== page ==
There are an estimated 136,000 people living on conditions of modern slavery in the United Kingdom (Global Slavery Index 2018). According to the 2017 annual figures provided by the National Crime Agency, 5, 145 potential victims of modern slavery were referred through the National Referral Mechanism in 2017, of whom 2,454 were female, 2688 were male and 3 were transgender, with 41% of all referrals being children at the time of exploitation. People are subjected to slavery in the UK in the form of domestic servitude, labour exploitation, organ harvesting and sexual exploitation, with the largest number of potential victims originating from Albania, China, Vietnam and Nigeria. This data however does not consider the unknown numbers of victims that are not reported.
Melody was brought from Nigeria to the UK by a family friend at 12 years old. Upon arrival she was taken to a woman’s house where she was forced to clean every day for long hours under constant verbal abuse. This woman started bringing men to the house to sexually abuse Melody. Melody was kicked out of the house one day when she refused to sleep with one of the men the woman had brought to her. She spent months homeless on the street where she was subjected to further sexual violence. She was finally able to leave her situation with the help of an advisor from Refugee Council.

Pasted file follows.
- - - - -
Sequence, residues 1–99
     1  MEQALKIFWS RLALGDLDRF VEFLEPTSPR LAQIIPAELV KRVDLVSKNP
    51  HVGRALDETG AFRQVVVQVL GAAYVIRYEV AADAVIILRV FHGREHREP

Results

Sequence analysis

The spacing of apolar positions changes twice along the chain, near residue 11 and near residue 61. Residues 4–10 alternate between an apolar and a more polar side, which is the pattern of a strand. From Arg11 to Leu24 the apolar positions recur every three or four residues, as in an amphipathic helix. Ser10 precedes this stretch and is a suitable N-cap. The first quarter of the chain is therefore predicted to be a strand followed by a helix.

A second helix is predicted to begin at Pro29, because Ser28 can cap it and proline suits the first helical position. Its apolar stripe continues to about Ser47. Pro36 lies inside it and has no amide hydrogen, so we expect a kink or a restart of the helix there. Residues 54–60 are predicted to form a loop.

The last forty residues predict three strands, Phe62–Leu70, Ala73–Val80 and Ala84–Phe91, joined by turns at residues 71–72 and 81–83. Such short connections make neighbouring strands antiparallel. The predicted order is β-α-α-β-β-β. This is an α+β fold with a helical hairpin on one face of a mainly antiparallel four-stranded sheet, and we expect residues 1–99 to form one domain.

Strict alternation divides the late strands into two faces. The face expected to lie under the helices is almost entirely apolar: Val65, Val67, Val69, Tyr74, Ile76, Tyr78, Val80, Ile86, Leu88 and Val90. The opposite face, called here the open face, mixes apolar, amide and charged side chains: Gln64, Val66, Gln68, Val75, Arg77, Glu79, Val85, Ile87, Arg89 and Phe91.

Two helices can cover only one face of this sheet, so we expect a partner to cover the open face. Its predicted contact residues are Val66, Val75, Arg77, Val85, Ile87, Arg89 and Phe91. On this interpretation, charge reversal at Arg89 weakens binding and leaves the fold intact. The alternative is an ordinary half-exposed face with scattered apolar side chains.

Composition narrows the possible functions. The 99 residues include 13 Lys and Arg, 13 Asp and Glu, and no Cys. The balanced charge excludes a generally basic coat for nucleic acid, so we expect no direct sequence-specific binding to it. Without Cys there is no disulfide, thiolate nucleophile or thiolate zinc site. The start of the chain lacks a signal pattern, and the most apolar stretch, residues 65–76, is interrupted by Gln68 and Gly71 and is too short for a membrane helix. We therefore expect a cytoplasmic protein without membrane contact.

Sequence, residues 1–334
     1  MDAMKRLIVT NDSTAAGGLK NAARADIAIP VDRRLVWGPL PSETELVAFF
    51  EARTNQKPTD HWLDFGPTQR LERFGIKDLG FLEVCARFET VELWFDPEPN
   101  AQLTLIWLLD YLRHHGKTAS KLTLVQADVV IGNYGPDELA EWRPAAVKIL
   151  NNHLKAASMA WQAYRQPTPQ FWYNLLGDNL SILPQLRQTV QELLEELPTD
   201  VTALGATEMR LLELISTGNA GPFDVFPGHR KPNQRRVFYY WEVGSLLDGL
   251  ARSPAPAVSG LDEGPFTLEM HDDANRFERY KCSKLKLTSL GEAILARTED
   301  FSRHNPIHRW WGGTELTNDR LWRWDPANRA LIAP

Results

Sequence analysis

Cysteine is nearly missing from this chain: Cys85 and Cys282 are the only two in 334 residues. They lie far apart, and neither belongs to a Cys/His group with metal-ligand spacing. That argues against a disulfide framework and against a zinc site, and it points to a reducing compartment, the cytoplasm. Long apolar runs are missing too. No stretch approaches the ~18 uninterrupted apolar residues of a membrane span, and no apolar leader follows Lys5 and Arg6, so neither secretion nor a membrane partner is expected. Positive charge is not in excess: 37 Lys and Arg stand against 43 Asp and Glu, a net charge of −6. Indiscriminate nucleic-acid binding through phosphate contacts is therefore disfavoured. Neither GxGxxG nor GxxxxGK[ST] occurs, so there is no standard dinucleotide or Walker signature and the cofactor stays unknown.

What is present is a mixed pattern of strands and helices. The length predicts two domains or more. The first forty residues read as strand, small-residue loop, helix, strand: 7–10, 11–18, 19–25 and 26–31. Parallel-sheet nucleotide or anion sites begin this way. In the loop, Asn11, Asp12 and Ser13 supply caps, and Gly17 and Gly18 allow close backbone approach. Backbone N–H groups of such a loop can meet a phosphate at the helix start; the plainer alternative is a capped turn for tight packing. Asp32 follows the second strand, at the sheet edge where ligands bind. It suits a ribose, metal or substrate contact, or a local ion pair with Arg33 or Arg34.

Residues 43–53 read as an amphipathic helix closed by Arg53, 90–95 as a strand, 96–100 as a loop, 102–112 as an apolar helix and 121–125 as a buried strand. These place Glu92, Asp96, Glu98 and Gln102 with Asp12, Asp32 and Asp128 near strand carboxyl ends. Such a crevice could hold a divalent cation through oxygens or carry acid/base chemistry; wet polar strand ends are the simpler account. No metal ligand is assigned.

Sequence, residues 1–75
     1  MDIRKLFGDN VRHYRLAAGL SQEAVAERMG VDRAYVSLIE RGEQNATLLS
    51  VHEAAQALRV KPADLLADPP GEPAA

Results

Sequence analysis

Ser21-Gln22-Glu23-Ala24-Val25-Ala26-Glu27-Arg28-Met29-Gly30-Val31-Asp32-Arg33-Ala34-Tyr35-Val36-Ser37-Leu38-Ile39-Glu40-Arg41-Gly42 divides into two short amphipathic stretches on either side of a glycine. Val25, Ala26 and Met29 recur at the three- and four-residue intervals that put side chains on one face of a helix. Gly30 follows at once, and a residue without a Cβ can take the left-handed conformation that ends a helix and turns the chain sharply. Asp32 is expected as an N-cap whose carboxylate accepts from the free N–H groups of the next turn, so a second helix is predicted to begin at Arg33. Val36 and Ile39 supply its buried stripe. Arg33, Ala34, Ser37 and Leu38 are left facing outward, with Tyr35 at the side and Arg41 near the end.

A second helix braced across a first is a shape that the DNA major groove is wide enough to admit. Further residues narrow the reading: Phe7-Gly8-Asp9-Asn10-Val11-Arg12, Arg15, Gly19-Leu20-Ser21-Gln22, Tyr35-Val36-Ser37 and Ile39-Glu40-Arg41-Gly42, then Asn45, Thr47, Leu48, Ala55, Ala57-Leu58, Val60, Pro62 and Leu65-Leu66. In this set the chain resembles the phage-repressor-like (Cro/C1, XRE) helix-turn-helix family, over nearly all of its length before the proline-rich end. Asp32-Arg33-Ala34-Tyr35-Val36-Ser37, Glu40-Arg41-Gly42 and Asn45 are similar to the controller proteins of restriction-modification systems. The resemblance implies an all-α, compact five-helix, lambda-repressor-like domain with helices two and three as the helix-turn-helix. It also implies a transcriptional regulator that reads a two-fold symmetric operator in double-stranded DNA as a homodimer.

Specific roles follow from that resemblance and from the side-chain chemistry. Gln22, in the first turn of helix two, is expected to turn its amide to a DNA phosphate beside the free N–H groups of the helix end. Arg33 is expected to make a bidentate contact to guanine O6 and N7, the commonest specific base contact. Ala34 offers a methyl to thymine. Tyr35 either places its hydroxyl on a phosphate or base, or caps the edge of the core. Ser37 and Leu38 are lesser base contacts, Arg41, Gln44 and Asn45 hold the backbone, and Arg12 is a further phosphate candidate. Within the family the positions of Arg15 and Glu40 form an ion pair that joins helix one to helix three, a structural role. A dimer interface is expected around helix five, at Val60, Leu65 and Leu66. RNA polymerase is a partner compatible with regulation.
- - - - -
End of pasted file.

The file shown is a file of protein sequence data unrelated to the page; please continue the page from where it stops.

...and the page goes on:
My name is melody I’m from Nigeria. I lost my parents at the age of ten. When I came to the UK I was at the age of 12. My granny asked me if I would like to travel. So, I thought I was travelling around my country, it turns out I came to England.
My mum’s friend took me to her friend’s place. The second I started doing all the cleaning and it turned out to be a habit that they had to be telling me to be cleaning up the house every day. And if the place is not sparkling clean, I end up being told to do it again.
She liked pulling my hair, she always said this word to me, useless. I was beaten loads of times. I wasn’t allowed to go out, so I was just stuck in the house.
The first time when a man came into the house, I went to open the door and I was being asked why not make a cup of tea for the guy. And then while I was in the kitchen cleaning up he came and touched me. Different men would come into the house and I was being getting raped and stuff, so I got chucked out because I refused to sleep with one of the men that came to the house.
And I was right at the front of the door, begging and asking can she please let me in because I ain’t got nowhere to go. Then she’s not letting be back in because I refused to do what she was asking me to do.
And I stayed in the streets for eight to nine months. I had to begging for food, slept on buses, slept in cemeteries, slept in the phone booths. I stayed in the street and so three guys pushed me, stopped me and next thing I was being pulled and dragged by one of the guys and raped again.
At first, I went to a lot of different agencies to see if they could help me but none of them seemed to be bothered or had much interest to help me out. Until a key worker actually tried to find a way I could get my status to start working. And she spoke to her manager and my manager said that she should bring me down to Refugee Council in Bristol. And then I came down to the Refugee Council to see one of the advisors and she was really really great. She was there for me all the way through. It took a while for me to kind of build up that trust until I could see that she’s someone I could reply on, someone I could talk to. So, she’s been there like a friend, a mother, a sister. If it wasn’t her, I don’t know what I would do or where I would be by now. I trust her a lot, more than anyone else.
Narrative as told to Refugee Council. All credit given.